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Learning implementing design patterns for newbies

I have been a developer for years and have my way of developing and have always kept up with the latest techologies. I want to start using a design pattern in the hope it will improve my development speed but I need to find one to apply and I need to find a full open source sample that demonstrates it.

I use and have an application that uses LINQ to SQL and .net 3.5 I tried to apply the repository pattern but found the structure complex and having to hack my way through it.

Any advice for someone who wants to better their programming style?

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5 Answers 5

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Read blogs (RSS Feeds are prime). Read magazines. Read random MSDN entries. Write little trial applications. The only way to keep up is to discover it and practice it.

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Patterns aren't really "tech" in the traditional sense. Using patterns means applying your specific knowledge of a domain to a problem keeping in mind the patterns which apply to that domain. They are useful to exactly the extent that you have a base of experience to put them in context.

The repository pattern, for example, is maybe not the best starting place for constructing a database architecture based on a pattern. Have you got a simpler pattern implemented such as Table Module or (in the specific case of data access) Active Record? If not then perhaps you should start there. These patterns focus on a fairly limited, basic way of organizing data and operations. Repository is more like a meta-pattern that then builds on top of these patterns, organizing a complex domain-data boundary into a simpler collection-like interface.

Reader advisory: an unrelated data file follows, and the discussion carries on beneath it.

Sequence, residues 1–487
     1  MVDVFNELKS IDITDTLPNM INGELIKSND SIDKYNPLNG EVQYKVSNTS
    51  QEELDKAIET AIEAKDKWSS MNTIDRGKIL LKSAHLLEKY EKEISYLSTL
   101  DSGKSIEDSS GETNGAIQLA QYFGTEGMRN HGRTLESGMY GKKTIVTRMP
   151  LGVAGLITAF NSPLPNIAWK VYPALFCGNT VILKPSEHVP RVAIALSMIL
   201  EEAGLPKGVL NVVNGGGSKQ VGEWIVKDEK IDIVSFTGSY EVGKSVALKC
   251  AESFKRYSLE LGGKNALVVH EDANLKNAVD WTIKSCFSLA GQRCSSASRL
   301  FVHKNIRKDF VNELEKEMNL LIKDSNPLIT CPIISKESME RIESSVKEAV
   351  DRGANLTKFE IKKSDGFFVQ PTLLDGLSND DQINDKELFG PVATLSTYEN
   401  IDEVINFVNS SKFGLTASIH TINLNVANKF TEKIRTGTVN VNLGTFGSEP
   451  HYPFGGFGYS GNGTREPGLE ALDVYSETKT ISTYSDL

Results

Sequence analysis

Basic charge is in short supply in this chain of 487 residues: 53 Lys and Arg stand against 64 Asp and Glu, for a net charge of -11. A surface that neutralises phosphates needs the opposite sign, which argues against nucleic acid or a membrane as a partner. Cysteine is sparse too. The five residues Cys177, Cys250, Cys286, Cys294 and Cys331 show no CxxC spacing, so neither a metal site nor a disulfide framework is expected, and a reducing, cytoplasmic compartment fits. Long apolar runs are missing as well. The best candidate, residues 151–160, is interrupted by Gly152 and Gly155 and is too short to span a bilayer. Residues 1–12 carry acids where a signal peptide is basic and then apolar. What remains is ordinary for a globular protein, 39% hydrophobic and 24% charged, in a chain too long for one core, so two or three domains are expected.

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Two books that I would suggest reading are:

Refactoring: Improving the Design of Existing Code (ISBN: 0-201-48567-2) and Refactoring To Patterns (ISBN: 0-321-21335-1)

Both are great books that will help you, at a high level, understand the when's and why's to applying patterns to your code. In addition, they are great reference material for some of the most commonly used patterns out there.

To be clear, these books are by no means the "complete library" of design patterns.

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My simple advice for bettering your programming style:

  • Pick a technology that you find productive and "fun" and keep with it to learn how to fully explore it's potential.
  • Don't try to learn all the new technologies all the time - just keep yourself oriented.
  • Seek advice and solutions where and when you actually need them - don't waste time learning solutions to problems you don't (yet) have.
  • Regarding design patterns... Well... I'll probably get shot for this, but I don't really like the idea of cramming them all into my head "just in case". They are really a cooking book of "good solutions" for common problems. My advice here is: Whenever you run into problems that you can't come up with an obvious/immediate solution for - use them as reference.
  • Learn from your mistakes (you'll make them).
  • Don't marry your code. Throw away and rewrite is an excellent way of bettering the style.
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I would sincerely recommend dofactory.com

which also offers code examples in vb.net + c# for all the design patterns

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